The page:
Coronavirus: Prep schools expected to cut fees

Independent prep schools can pass savings on catering and other costs during coronavirus closure on to parents

Catherine Lough

primary children

Independent prep schools are likely to make fee reductions for parents during the coronavirus outbreak, an expert on the sector has said.

Christopher King, the chief executive of the Independent Association of Prep Schools (IAPS), said conversations he had had with prep schools "suggest strongly [that] schools are considering the likelihood of a combination of some or all of: a freeze for the foreseeable, a reduction for the summer term and the possibility of reduced fees in September".

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"Schools will be making every effort to be fair to the parents in the not unreasonable expectation parents will be fair to the school," he said.

"If schools recognise there will be financial stresses for parents and are making positive moves to address their financial situation, parents will see they have to play their part in supporting the schools.

"It looks from the latest statements from government that it is unlikely schools will be operational for the larger part of the summer term, and schools are planning accordingly."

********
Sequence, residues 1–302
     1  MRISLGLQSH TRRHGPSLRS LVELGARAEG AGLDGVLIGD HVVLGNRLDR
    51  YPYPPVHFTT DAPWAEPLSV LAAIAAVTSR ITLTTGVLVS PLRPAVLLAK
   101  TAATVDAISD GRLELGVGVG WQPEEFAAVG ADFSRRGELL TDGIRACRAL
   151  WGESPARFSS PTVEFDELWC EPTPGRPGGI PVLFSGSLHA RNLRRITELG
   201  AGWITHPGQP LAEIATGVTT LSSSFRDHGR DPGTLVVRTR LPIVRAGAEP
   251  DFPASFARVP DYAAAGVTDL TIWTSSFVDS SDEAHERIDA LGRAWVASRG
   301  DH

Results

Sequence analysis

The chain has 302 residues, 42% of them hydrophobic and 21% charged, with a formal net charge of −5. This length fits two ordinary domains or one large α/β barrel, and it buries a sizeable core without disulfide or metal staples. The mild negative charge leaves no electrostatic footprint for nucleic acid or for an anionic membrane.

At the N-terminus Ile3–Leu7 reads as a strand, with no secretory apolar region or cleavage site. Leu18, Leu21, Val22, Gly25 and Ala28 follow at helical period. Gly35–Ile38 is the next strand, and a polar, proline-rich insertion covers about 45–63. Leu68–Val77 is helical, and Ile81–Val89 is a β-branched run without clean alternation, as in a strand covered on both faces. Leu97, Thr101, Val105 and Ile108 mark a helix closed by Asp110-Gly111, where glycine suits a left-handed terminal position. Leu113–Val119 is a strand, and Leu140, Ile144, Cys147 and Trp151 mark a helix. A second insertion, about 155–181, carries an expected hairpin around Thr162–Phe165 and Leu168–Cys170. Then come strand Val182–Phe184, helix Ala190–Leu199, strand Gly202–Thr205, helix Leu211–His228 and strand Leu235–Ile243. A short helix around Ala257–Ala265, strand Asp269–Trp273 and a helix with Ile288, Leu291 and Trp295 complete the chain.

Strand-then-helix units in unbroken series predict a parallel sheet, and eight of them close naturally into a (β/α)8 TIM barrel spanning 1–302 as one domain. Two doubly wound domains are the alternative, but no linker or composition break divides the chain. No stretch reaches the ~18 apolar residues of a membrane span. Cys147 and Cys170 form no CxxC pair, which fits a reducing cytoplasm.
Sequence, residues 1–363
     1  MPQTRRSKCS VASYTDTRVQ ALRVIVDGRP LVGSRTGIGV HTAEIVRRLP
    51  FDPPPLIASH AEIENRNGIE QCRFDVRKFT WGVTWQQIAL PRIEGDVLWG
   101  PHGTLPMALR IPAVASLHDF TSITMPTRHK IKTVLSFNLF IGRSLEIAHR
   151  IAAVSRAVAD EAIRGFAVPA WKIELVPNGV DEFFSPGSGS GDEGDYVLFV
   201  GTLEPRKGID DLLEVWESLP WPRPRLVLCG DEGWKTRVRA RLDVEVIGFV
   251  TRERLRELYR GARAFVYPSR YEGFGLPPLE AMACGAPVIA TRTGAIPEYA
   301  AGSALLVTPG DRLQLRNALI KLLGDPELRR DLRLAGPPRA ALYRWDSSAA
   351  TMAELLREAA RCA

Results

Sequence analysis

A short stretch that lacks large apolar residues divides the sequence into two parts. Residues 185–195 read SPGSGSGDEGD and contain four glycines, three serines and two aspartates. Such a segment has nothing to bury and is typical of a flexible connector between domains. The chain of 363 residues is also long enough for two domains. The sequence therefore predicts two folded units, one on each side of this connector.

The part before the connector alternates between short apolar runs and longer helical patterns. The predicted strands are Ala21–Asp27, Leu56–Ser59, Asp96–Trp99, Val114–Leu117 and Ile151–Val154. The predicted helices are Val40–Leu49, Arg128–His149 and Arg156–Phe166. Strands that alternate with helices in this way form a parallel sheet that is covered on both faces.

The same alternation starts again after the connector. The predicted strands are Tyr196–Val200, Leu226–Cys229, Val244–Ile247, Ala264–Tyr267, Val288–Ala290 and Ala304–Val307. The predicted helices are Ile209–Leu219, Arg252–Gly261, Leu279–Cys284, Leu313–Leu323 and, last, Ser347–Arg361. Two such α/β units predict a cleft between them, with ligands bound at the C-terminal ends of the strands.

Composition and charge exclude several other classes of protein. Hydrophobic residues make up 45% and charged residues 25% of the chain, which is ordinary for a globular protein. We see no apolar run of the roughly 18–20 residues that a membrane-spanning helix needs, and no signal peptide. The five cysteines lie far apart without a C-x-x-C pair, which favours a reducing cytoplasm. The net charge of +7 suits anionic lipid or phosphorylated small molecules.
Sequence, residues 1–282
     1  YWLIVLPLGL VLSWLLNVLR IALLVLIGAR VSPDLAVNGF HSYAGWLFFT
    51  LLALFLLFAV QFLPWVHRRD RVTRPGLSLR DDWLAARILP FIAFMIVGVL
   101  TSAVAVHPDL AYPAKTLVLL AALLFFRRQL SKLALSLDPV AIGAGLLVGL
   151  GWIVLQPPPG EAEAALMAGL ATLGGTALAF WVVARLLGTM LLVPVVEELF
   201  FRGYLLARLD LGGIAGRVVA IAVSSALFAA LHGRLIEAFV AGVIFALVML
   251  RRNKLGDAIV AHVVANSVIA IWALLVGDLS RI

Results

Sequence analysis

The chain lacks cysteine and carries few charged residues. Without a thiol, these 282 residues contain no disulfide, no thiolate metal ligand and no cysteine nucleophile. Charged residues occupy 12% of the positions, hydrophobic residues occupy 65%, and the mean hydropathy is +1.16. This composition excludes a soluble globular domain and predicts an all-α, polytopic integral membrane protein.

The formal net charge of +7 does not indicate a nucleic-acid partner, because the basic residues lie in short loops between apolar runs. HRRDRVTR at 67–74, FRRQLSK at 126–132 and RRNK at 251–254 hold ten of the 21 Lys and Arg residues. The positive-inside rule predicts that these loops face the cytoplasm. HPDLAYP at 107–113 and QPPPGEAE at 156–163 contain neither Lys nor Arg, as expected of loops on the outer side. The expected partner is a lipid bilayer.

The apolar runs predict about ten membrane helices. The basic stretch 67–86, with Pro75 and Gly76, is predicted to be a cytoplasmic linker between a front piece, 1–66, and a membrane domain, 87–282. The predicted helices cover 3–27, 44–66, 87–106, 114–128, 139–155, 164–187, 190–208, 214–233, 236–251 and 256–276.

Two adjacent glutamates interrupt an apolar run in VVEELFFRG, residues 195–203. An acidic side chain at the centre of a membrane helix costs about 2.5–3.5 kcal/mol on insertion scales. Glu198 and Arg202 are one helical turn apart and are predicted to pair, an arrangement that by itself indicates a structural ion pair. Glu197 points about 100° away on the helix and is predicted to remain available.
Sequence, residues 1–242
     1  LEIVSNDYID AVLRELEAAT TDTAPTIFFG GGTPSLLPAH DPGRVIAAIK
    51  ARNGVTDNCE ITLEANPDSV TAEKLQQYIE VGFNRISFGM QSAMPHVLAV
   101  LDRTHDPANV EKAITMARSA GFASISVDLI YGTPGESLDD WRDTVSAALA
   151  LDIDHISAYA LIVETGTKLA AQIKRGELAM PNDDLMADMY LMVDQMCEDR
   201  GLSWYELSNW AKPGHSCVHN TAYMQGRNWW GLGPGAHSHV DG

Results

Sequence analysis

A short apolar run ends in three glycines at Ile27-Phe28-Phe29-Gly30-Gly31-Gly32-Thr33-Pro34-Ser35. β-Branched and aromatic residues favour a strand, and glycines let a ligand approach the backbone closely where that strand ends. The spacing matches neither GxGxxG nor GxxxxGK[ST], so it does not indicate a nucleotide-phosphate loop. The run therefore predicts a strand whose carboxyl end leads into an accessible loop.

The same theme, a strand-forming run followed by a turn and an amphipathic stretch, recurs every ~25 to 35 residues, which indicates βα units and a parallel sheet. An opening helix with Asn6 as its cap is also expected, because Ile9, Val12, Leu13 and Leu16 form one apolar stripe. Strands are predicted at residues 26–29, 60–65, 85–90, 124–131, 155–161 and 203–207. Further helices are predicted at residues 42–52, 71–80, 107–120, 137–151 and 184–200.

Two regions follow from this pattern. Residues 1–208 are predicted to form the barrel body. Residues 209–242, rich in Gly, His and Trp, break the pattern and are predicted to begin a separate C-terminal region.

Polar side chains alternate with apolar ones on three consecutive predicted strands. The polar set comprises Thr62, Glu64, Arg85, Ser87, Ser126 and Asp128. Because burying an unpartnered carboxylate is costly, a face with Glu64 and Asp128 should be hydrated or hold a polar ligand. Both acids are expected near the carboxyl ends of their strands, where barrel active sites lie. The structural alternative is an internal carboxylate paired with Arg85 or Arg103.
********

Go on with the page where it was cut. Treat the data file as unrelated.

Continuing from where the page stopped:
Mr King added: "The responses of schools depend on a large range of factors but a number are talking about freezing the fees or a reduction in fees for the summer period.

"If you have costs associated with catering but you are not catering for any pupils then it’s right that those savings are passed on to the parents."

However, he noted that online education of pupils would continue and that pupils would still access the common entrance exams.

Mr King also said that provided schools were back to a normal timetable by September, the outbreak of Covid-19 did not threaten the sector's financial position overall.

"The longer this goes on, the more vulnerable schools will be, but if schools are back and fully operational in September, for the vast majority, the position is recoverable," he said.

He described the "huge amount of goodwill and emotional attachment between parents, pupils and prep schools".

"If schools don’t exploit that, they’re most likely to be seen as fair. We have all got to work together," he added. 

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author bio

Catherine Lough

Catherine Lough is a reporter at Tes.

Find me on Twitter @CathImogenLough

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